September 13, 2012


“If leaders may lie, then who shall tell the truth?” – angry, and with good reason? Desmond Tutu appears to suggest ICC should try Blair.

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Desmond Tutu appears to suggest Blair, Bush to be tried by ICC

Desmond Tutu appears to suggest Blair, Bush to be tried by ICC

Desmond Tutu, Nobel Peace Prize winner, former Archbishop of Cape Town and hero of the struggle against apartheid in South Africa, is a man who when he speaks, even in retirement, people listen. So when he recently pulled out of the ‘Discovery Invest Leadership Conference’ in Johannesburg because of the presence of another guest speaker, former British Prime Minister, Tony Blair, in effect suggesting he should be in front of the International Criminal Court at The Hague, it did not go unnoticed.


In a hard-hitting article in the British newspaper The Guardian, Desmond Tutu accused Blair and former US President George W. Bush, of invading Iraq in 2003 on the basis of a lie, namely that Iraq, under the leadership of Saddam Hussein, possessed ‘weapons of mass destruction’ when by the time of the invasion they knew that they did not.

“If leaders may lie, then who shall tell the truth?” posed Desmond Tutu in the article. ‘Leadership and morality are indivisible’, he added.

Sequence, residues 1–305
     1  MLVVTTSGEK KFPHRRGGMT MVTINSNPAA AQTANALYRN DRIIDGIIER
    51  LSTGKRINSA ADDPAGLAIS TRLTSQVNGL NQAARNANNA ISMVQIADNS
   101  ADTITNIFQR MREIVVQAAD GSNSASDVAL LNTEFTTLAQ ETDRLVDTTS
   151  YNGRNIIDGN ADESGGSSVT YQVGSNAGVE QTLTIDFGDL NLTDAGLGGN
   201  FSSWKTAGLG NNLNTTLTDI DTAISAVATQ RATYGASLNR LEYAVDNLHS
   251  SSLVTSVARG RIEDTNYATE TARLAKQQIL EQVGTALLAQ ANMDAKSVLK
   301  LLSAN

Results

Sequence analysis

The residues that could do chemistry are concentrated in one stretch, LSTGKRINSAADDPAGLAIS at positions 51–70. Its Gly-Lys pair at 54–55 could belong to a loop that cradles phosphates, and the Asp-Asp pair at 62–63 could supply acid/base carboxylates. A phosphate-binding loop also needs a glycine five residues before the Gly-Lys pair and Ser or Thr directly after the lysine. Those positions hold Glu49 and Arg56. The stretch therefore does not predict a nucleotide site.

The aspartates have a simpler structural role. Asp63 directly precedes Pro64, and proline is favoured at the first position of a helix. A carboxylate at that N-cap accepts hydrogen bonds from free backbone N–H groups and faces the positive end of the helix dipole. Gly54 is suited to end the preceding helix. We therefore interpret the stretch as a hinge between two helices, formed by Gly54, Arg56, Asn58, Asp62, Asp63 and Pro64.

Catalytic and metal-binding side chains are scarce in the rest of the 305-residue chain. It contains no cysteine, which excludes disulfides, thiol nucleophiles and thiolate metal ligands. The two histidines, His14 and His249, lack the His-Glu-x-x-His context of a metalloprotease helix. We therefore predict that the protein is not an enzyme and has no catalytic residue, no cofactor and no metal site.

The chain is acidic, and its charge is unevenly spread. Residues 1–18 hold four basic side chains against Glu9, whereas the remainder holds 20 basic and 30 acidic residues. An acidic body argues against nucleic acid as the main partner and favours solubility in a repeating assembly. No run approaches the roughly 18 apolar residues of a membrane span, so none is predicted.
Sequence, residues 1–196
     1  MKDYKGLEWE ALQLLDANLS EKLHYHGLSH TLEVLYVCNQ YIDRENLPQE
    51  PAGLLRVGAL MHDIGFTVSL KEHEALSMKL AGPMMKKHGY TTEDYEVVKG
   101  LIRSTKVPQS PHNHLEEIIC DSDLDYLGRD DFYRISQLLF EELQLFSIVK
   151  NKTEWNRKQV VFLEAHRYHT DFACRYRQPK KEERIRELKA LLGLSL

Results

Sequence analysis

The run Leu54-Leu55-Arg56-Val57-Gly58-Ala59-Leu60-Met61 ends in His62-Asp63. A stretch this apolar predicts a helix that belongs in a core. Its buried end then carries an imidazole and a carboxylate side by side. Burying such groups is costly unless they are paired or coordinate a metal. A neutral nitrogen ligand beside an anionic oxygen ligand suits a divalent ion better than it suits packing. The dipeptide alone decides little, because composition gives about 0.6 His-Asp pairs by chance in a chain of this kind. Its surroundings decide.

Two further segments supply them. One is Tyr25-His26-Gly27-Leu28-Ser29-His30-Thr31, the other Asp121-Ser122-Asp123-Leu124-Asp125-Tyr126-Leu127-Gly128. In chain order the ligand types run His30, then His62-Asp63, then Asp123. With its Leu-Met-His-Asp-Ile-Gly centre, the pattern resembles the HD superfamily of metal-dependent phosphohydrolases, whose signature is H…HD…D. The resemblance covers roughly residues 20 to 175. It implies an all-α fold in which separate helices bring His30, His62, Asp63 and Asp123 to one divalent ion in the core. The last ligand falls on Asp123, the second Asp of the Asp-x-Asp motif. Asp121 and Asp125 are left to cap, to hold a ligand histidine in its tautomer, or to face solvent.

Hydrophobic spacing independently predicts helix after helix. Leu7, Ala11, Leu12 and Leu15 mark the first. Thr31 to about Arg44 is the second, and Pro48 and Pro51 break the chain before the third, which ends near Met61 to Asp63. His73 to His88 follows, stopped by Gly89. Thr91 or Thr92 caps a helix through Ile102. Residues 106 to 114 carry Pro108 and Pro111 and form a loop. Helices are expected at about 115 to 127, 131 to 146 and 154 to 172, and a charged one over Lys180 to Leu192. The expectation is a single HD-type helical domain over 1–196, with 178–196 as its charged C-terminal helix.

He argued that the result of the war in Iraq, even though it removed a ‘despotic and murderous leader’, has been the deaths of more than 110,000 Iraqis, with on average 6.5 more dying every day in ‘suicide attacks’, and the deaths of 4,500 US soldiers with more than 32,000 wounded.

The death toll during and since the conflict was not the only sad result of the war pointed to by Desmond Tutu.

The decision of Bush and Blair to go to war has ‘driven us to the edge of a precipice where we now stand’, he argued, ‘with the spectre of Syria and Iran before us’.

‘Has the potential for terrorist attacks decreased?’, he also asked, and ‘To what extent have we succeeded in bringing the so-called Muslim and Judeo-Christian worlds closer together, in sowing the seeds of understanding and hope?’


Desmond Tutu posed one more question: ‘On what grounds do we decide that Robert Mugabe should go to the criminal court [but] Mr Blair should join the international speakers circuit?’ Provocative stuff indeed.


Perhaps part of the answer to the last question lies in an examination of the ‘open’ and ‘official’ cases currently being considered by the ICC.

In the 10 years since the ICC was established it has received complaints of alleged crimes in 139 countries. Its ‘open’ and ‘official cases’ apply in just seven countries. They are: Uganda, the Democratic Republic of the Congo (DRC), the Central African Republic (CAR), Dafur (Sudan), Libya, Cote d’Ivoire and of course, Kenya.

Kenya Forum readers are invited to consider the map above where the seven countries are coloured in green.

Spot the common denominator?


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